Is tackling Trade Based Money
Laundering (TBML) through
stricter reporting regulation the
most eﬀective response?
Mohammed Ahmad Naheem
Mayfair Compliance, Frankfurt, Germany
Purpose –This paper (written in August 2015) aims to discuss the regulatory approach to detecting and
preventing trade-based money laundering (TBML) by using the example of Financial Crimes Enforcement
Network (FinCEN)and its use of geographic targeting orders.
Design/methodology/approach –The paper uses both theoreticaland empirical reports on TBML to
explorewhether increased regulation will ultimately achievethe ends it claims to offer.
Findings –The main ﬁndings from the analysis are that increased regulation has been found to have a
negative impact on improving TBML detection. There is evidence that it causes an over-defensiveresponse
from banksthat leads to a decrease in useful information to ﬁnancialintelligence units.
Research limitations/implications –The research topic is very new and an emerging topic; therefore,
analysis papers and other academic writing on this topic are limited.
Practical implications –This paper has implications for both the regulatoryand the banking/ﬁnancial
Originality/value –The originality of this paper is thedeeper analysis of a speciﬁc TBML case, and the
focus is on both the theoreticaland empirical implications of the approach being used.
Keywords Beneﬁcial ownership, Customer due diligence, Trade-based money laundering,
Banking and ﬁnancial services, Geographic targeting order, Money laundering regulation
Paper type Research paper
The recent media coverage of a geographic targeting order (GTO) (Cummings, 2015) being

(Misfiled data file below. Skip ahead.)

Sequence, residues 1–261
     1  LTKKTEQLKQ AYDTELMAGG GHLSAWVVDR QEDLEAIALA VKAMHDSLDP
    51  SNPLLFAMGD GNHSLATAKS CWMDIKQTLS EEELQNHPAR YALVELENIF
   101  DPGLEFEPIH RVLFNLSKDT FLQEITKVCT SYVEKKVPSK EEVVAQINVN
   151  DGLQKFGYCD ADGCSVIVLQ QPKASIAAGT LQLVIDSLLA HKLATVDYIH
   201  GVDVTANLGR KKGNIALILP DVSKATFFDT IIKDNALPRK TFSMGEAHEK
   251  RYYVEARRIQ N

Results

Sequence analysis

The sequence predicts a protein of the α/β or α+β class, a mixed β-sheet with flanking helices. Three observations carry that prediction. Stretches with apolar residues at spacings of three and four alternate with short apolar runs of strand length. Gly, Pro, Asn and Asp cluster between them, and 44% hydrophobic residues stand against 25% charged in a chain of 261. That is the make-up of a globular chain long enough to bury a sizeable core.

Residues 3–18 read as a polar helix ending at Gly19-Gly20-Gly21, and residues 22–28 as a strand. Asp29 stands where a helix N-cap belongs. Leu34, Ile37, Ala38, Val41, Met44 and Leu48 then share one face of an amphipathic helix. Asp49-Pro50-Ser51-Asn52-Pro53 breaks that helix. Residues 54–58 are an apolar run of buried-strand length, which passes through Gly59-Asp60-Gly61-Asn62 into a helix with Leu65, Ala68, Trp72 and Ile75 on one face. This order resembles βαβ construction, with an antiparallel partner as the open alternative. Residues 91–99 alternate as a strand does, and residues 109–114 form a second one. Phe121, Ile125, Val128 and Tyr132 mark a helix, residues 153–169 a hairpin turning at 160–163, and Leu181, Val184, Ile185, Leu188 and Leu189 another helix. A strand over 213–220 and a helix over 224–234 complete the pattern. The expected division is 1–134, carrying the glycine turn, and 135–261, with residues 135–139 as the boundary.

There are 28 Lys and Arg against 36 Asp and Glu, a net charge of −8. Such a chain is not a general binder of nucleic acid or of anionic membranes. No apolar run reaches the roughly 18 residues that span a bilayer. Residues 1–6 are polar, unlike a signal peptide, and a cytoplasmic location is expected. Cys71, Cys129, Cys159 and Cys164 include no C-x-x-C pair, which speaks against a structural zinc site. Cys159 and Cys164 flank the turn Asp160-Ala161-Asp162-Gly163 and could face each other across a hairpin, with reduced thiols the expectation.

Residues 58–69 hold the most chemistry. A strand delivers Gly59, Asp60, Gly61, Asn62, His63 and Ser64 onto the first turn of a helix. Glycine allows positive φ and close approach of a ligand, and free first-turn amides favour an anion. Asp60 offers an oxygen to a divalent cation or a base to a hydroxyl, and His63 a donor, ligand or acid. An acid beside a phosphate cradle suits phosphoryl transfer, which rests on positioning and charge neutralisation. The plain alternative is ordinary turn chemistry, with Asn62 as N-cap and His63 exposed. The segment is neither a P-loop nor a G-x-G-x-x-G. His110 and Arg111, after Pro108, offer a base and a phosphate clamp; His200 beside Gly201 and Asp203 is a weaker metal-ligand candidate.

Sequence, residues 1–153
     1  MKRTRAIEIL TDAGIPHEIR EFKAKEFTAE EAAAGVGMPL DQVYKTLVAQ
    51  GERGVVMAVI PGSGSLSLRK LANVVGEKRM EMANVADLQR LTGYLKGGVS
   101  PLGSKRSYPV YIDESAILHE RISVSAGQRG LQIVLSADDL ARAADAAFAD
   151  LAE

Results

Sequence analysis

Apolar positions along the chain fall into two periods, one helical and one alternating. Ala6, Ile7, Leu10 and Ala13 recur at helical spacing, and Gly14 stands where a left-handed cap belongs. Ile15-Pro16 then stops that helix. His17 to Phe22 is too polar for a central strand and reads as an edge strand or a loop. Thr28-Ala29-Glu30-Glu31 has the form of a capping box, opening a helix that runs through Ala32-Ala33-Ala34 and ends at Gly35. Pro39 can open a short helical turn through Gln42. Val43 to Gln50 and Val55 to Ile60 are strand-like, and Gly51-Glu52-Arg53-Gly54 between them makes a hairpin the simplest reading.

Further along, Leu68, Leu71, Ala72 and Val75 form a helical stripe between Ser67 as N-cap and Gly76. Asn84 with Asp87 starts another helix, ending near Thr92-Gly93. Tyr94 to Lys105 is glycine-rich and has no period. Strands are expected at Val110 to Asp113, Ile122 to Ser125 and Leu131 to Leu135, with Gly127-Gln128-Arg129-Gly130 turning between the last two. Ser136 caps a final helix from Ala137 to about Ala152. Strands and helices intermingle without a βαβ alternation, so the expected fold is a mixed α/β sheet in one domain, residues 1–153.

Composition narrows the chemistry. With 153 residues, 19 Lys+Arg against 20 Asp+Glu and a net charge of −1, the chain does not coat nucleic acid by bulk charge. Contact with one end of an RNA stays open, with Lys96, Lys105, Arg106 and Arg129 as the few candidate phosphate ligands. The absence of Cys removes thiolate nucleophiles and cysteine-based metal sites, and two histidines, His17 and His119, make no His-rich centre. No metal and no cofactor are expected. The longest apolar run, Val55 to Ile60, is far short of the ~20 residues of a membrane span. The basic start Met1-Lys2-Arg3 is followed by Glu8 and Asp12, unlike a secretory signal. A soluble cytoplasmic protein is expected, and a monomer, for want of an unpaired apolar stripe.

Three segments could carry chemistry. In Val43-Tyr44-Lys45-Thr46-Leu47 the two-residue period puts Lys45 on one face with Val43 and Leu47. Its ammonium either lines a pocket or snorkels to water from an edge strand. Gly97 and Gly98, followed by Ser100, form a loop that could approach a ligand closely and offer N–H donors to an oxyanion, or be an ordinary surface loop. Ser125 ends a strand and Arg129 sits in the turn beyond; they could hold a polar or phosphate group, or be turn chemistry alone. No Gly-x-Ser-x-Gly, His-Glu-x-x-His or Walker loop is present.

used by Financial Crimes EnforcementNetwork (FinCEN), for Miami-based businesses, acts
as a reminder that the use of money laundering by drug cartels is still a live issue. The
introduction of the order reﬂects the change from the traditional methods of bulk cash
Please note that this paper was composed and submitted for review to this journal in August 2015 –a
time at which the author was working on his second doctorate level research project titled. “Trade
based money laundering: exploring the implications for international banks”. All the content within
this paper was current at the time of submission (August 2015). The banking and regulation
industries have evolved since then, with new material from academic research also emerging. These
points need to be taken into consideration when reading this paper. The author acknowledges being
the recipient of a research grant awarded by Princess Ālae as part of Seven Foundation’s“2020
Banking Vision –building banks of the future”and he thanks her for the continued support and
motivation both to himself and other students who beneﬁt through her generosity (www.
sevenfoundation.ch). The author also thanks Professor Muhammad Jumáh (a leading economist of
this era based in Damascus) who has continued to provide valuable input both through his teaching
of the science of economics and for his continued guidance.
Journalof Money Laundering
Vol.21 No. 3, 2018
© Emerald Publishing Limited
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